1. Type-Size Requirements

As discussed in the Response to Comments section (Section B), several commenters expressed concern about the proposed minimum type-size requirement of 0.08 inches, stating that it seemed unnecessary. The Commission agrees that specifying the type size in absolute terms is not necessary if the warning text also must meet requirements that specify the type size relative to the other text in the advertisement. The final rule revises the type-size requirement to read, “The type size of abbreviated cautionary statements shall be reasonably related to the type size of any other printed matter in the product advertisement, and must be in conspicuous and legible type by typography, layout, or color with other printed matter in the advertisement and separated from other graphic matter.”

2. Placement Requirements

As noted and more fully discussed in the Response to Comments section (Section B), several commenters requested more flexibility in the placement of the full cautionary statements so that they are not required to appear at the bottom or top of the same page as the abbreviated warning or across two facing pages. The Commission generally agrees with the concerns expressed by some commenters about the large amount of space in print catalogues that could be occupied by the full required cautionary statements. Mock-up catalogue pages that approximated how some of the catalogue pages would appear if they met the requirements proposed in the NPR revealed that the required cautionary statements would still take up a substantial amount of space, even with the use of abbreviated warnings. The Commission has concluded that, if abbreviated warnings are employed, the use of a single set of full cautionary statements either (1) near the beginning of the print catalogue, before any pages containing advertisements of products available for purchase, or (2) adjacent to the ordering information, is permissible. The bottom of every catalogue page that includes abbreviated warnings, however, must provide a reference to the precise location of the full cautionary statements. Also, each full cautionary statement must clearly identify its corresponding number code to be referenced in the abbreviated warnings (as discussed below).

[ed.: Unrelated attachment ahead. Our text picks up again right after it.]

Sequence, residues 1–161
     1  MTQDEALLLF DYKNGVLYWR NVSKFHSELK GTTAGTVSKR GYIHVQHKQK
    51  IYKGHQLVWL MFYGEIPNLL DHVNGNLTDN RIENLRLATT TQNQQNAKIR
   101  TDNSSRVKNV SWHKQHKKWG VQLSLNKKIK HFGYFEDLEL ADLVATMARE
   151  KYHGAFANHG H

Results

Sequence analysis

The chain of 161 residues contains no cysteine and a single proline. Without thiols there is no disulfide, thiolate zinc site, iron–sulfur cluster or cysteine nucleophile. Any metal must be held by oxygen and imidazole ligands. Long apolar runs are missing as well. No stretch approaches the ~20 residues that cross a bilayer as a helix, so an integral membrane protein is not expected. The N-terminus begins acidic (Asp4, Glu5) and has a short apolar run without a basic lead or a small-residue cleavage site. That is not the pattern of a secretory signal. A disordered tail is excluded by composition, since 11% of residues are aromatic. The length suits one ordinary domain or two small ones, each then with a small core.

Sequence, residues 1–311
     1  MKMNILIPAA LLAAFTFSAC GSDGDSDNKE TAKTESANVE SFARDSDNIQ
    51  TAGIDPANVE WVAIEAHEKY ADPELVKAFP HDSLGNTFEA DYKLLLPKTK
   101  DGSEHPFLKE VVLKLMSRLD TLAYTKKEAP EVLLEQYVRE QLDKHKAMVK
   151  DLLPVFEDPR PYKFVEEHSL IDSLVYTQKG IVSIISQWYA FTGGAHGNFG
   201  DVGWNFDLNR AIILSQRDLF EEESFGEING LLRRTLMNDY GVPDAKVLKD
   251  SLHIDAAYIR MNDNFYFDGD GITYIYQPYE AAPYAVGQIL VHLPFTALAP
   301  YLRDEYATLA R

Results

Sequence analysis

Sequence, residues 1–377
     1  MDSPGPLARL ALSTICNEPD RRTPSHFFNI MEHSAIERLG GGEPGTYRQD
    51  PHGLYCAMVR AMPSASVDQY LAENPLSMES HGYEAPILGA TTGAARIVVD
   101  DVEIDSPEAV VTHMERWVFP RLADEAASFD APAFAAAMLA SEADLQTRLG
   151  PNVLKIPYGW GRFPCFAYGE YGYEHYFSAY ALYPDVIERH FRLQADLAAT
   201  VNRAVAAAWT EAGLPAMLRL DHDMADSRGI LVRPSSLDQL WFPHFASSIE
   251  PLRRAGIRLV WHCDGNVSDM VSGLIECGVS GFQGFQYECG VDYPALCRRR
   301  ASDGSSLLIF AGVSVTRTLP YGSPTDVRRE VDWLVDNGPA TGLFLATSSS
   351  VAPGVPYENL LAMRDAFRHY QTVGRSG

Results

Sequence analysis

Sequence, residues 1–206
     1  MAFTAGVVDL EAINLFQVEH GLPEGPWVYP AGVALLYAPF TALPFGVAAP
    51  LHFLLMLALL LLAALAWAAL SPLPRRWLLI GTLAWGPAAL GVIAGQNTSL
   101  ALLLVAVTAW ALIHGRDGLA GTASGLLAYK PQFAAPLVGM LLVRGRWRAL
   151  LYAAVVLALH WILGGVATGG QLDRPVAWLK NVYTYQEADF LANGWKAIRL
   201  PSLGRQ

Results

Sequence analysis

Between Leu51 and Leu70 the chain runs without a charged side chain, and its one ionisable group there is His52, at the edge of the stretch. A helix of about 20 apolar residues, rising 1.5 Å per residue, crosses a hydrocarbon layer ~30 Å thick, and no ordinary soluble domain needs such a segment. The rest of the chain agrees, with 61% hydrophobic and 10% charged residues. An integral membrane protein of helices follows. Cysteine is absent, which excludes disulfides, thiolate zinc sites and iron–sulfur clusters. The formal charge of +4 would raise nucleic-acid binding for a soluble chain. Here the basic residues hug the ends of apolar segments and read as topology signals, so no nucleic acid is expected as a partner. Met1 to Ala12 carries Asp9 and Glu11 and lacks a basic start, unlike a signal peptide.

The Commission believes that a single general cautionary statement located on the cover of, or elsewhere in, a catalogue would provide little or no benefit to consumers if it merely warned that some of the products advertised might contain small parts or other choking hazards. Under such circumstances, consumers would have no way of identifying those products that present the warned-about hazard. The final rule, however, does permit a cautionary statement on the front cover, or equally conspicuous location, of a catalogue to replace the corresponding abbreviated warnings within the catalogue if that cautionary statement applies to all products available for purchase in that catalogue and if this fact is clear to consumers. For example, if a catalogue only contained balloons subject to the FHSA choking hazard labeling, a single full cautionary statement is permitted—specifically, the cautionary statement identified in 16 CFR 1500.19(b)(2)—to appear on the cover of the catalogue rather than individually labeling each product advertisement within the catalogue.